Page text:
1. fastidious about one’s needs or requirements; hard to please.”he is very fussy about what he eats”
fussy adjective – not easily satisfied, or having very high standards about particular things: All my children were fussy eaters.
excessively busy with trifles; anxious or particular about petty details. hard to satisfy or please: a fussy eater.
The definition of fussy is a person demanding attention, complaining a lot or worrying about nothing.
The term “fussy” when used in conjunction with eating, emits such negativity, which defines what can ultimately be a very misunderstood and a hugely challenging obstacle for many children and parents. All who face a daily struggle with the stress and anxiety surrounding food and meal times.
The term “fussy” undermines the complexities of many feeding problems and the real struggle some children face when presented with new or unfamiliar food.
Labelling a child a “fussy eater” doesn’t address the root cause of a child’s issues concerning food nor is it helpful in supporting them in overcoming what can become a perpetual cycle of refusal.
Yes all children go through phases of various food refusal; right from the onset of weaning; which can be due to any number of rational factors from teething and illness to a developmental milestone (wonder week.) These factors aside there is also the overwhelming experience of exploring food and getting to grips with the physical process and coordination of eating, not to mention all the varying flavours and textures!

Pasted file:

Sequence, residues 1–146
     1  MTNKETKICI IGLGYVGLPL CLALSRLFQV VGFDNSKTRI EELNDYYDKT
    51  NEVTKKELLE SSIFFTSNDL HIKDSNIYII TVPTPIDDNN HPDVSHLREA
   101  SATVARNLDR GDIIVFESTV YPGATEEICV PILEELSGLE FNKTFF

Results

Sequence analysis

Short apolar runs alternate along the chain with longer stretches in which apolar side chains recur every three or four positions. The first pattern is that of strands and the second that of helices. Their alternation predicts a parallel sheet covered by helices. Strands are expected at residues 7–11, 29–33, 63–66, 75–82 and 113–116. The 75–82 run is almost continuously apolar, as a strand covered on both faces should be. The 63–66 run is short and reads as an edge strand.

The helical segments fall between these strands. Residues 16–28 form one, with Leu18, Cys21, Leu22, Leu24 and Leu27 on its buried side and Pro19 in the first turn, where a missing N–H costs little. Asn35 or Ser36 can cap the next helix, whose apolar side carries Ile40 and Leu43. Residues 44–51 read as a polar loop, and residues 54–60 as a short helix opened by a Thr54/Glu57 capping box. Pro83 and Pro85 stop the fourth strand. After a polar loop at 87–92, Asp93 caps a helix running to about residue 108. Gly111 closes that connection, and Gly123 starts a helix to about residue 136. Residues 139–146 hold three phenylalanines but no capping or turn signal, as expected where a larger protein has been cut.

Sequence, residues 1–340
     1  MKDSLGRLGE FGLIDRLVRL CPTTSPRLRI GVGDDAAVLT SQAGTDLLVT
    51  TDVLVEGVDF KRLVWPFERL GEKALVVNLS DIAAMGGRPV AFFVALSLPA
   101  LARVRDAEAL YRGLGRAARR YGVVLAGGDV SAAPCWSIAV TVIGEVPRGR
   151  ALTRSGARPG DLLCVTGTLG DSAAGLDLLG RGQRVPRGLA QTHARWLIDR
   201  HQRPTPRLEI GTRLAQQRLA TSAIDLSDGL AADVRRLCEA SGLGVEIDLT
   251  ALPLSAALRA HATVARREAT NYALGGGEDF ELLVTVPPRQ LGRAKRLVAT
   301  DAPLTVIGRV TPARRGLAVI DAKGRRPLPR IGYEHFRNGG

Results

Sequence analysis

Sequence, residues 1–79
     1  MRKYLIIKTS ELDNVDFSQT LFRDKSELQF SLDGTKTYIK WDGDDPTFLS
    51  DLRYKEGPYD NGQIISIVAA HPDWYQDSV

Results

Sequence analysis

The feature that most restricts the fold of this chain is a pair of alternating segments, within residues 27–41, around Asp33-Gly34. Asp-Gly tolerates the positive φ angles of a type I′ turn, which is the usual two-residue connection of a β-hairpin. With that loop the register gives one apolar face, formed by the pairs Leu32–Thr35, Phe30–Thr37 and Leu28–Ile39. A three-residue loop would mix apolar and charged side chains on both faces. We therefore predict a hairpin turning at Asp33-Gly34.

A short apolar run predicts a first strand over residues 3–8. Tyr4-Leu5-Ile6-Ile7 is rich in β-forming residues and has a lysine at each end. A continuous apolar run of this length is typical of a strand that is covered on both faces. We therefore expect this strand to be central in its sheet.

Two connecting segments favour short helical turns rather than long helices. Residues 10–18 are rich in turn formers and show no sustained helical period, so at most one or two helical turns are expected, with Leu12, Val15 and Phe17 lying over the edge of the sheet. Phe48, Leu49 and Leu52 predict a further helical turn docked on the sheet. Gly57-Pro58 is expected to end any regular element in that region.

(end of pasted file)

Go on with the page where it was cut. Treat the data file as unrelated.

As babies grow and develop into toddlers and then children they go through immense developmental stages not to mention a myriad of life experiences and processes that have a profound effect on their physical, emotional and cognitive behaviour. Amidst all this phenomenal development, babies, toddlers and children also begin to form preferences and assert their independence and we as parents have the unenviable task of negotiating these challenges!
One of these many challenges is – Eating, a challenge which can present simply as a period of mealtime blips and frustrations that eventually dissipate.
However for some it can become a major bump in the road which begins to impact family life, making mealtimes fraught. Emotions and anxiety surrounding new or different food becomes strained. Tensions run high as a child’s range of accepted foods remains rigid or begins to diminish. As a parent we can feel like a failure and wonder “why?” whilst at a loss as to how we can help our child to not be fearful and embrace the wonderful world of food?!
It’s not as simple as labelling a child as “fussy” and in my opinion for many children that I see throughout my work, the term fussy is a huge injustice to the complex issues and challenges they face when confronted with new or unfamiliar foods.
I prefer to talk about food preferences within a “learning to like it” ethos which also supports my principle of “exploring” new foods away from mealtimes. Molly my five year old has currently adopted my medal approach. Upon sampling a new or unfamiliar food Molly gives it either a
Bronze (Not my favourite but I can eat it)
Silver (I like it) or
Gold (Love it!) medal
If it doesn’t fall into one of these categories it’s allocated the Booby Prize and we agree to try and be kinder next time and help him win a medal place.
Describing a child as “fussy” within earshot is simply not helpful. Children live up to the expectations we impose on them and this only affirms a sense of their own limitations, which is not constructive at all.
Whether every meal is met with a booby prize or you’re at your wits ends serving the same routine foods with no change in sight. My aim is to offer practical advice and empathetic support to help you and your child enjoy a positive exploration of food with less stress and maybe just a little bit of mess.
Stay tuned to find out “How to – Mange Tout”!